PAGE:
Director Richard Cordray’s vision is that the new Consumer Financial Protection Bureau will make consumer financial markets operate fairly in order to protect consumers, support honest businesses, and play a crucial role in helping to safeguard the overall economy. In testimony before a House oversight panel chaired by Rep. Patrick McHenry (R-NC), he said that the Bureau will benefit consumers by clarifying the prices and risks of consumer financial products and services.
When consumers know the true costs, benefits, and risks of competing products, he reasoned, they will be better able to make informed decisions. It will also help people avoid being ambushed by costly surprises buried in the fine print, he continued, so that they can have proper confidence that the terms of the deal stated today are the terms they will actually be living with down the road. The Bureau will benefit honest businesses by leveling the playing field and ensuring that financial institutions play by the same set of rules.
He also noted that Bureau has launched the first federal nonbank supervision program, one of the central new authorities provided by the Dodd-Frank Act. There are thousands of nonbank providers of financial products and services that make up a significant portion of the consumer financial marketplace, including mortgage lenders, mortgage servicers, mortgage brokers, payday lenders, consumer reporting agencies, debt collectors, and money services corporations.
The Director said that the nonbank supervision program will include conducting individual examinations and may also include requiring reports from businesses to determine what areas need greater focus. The Bureau will determine what degree of supervision to perform based on an analysis of the risks posed to consumers, including factors such as the nonbank’s volume of business, types of products or services, and the extent of state oversight for consumer financial protection.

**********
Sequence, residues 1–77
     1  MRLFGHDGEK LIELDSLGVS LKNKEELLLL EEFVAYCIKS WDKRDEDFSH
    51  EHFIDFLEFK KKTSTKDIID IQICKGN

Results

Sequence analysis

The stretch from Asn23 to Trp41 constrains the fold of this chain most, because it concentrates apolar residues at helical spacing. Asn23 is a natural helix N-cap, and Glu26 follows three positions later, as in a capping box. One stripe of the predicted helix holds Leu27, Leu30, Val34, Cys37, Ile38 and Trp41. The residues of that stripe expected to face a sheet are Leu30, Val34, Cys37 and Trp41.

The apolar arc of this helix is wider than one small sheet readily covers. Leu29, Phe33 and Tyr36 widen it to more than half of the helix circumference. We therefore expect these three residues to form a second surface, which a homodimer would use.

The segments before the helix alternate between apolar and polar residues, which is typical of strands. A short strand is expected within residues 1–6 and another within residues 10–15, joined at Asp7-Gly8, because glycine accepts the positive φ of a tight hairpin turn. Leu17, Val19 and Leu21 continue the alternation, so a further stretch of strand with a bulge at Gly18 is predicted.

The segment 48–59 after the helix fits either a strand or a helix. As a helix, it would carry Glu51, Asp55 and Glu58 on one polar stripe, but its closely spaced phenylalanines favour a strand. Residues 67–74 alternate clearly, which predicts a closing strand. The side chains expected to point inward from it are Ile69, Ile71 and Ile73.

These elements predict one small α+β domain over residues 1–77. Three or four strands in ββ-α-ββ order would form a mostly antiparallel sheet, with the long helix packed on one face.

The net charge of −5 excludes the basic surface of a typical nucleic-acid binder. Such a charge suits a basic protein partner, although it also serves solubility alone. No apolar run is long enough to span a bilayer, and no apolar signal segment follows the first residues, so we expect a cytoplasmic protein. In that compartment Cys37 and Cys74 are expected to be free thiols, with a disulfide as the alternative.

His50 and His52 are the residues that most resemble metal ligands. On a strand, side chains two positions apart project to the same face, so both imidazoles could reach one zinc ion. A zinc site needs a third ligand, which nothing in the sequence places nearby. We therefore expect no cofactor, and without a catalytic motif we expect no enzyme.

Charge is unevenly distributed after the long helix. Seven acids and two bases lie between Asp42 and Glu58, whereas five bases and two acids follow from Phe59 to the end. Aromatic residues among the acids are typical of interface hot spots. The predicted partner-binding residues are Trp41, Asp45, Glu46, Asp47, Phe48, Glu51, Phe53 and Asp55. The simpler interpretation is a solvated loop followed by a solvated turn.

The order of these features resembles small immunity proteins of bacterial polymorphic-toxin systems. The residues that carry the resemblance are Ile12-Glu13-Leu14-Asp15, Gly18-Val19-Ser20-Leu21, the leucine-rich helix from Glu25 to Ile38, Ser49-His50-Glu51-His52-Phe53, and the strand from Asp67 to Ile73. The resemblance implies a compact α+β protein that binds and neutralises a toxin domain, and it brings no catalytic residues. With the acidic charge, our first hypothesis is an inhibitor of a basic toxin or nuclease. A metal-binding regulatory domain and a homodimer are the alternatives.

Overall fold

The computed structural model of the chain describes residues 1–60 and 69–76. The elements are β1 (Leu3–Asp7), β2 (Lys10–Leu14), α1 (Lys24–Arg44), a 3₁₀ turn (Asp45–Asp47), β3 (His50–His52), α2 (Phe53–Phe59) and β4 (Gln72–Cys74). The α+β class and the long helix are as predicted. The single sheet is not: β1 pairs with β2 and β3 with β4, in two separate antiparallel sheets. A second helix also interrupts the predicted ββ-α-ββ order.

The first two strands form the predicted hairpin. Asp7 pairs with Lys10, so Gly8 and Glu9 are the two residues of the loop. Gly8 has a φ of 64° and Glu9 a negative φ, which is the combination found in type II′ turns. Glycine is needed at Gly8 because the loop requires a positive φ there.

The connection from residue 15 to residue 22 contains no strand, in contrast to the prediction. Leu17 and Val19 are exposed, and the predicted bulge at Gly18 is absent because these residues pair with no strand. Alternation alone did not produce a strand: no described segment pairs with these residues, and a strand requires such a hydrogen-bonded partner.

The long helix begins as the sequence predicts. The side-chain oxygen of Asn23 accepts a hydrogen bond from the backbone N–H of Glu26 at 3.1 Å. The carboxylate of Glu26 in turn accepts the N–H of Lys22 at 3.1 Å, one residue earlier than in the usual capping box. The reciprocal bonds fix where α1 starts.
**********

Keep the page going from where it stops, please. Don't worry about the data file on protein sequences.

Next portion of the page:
Now that the CFPB has a Director, the Bureau has full authority to investigate and bring enforcement actions to ensure that financial providers are held accountable if they violate the law, and that the rules of the road governing banks and nonbanks are applied evenhandedly to all participants. In this area, observed Director Cordray, the Bureau is also cooperating closely with other law enforcement agencies to avoid any duplication of work and to coordinate limited resources. The Bureau has many tools to address problems in the financial markets, he said, including supervision, rulemaking, and enforcement. The Director emphasized that filing lawsuits or administrative actions will be necessary at times to ensure that the law is followed and respected, and that harm to consumers from unlawful conduct is remedied.